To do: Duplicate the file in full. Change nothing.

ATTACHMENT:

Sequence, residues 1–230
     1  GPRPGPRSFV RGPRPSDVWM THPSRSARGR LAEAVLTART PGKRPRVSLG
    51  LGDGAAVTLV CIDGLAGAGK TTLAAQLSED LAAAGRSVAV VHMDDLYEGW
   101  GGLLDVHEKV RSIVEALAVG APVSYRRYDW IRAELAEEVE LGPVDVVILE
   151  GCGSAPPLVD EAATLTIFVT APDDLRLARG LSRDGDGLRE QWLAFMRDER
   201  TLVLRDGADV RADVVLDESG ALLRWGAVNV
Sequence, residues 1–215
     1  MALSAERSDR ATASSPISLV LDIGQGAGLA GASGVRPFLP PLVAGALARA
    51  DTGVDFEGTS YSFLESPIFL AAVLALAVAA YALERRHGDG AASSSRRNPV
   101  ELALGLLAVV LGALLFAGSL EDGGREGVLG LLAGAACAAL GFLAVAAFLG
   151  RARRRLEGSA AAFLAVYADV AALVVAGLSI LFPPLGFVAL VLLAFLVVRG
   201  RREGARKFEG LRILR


Sequence, residues 1–230
     1  GPRPGPRSFV RGPRPSDVWM THPSRSARGR LAEAVLTART PGKRPRVSLG
    51  LGDGAAVTLV CIDGLAGAGK TTLAAQLSED LAAAGRSVAV VHMDDLYEGW
   101  GGLLDVHEKV RSIVEALAVG APVSYRRYDW IRAELAEEVE LGPVDVVILE
   151  GCGSAPPLVD EAATLTIFVT APDDLRLARG LSRDGDGLRE QWLAFMRDER
   201  TLVLRDGADV RADVVLDESG ALLRWGAVNV
Sequence, residues 1–215
     1  MALSAERSDR ATASSPISLV LDIGQGAGLA GASGVRPFLP PLVAGALARA
    51  DTGVDFEGTS YSFLESPIFL AAVLALAVAA YALERRHGDG AASSSRRNPV
   101  ELALGLLAVV LGALLFAGSL EDGGREGVLG LLAGAACAAL GFLAVAAFLG
   151  RARRRLEGSA AAFLAVYADV AALVVAGLSI LFPPLGFVAL VLLAFLVVRG
   201  RREGARKFEG LRILR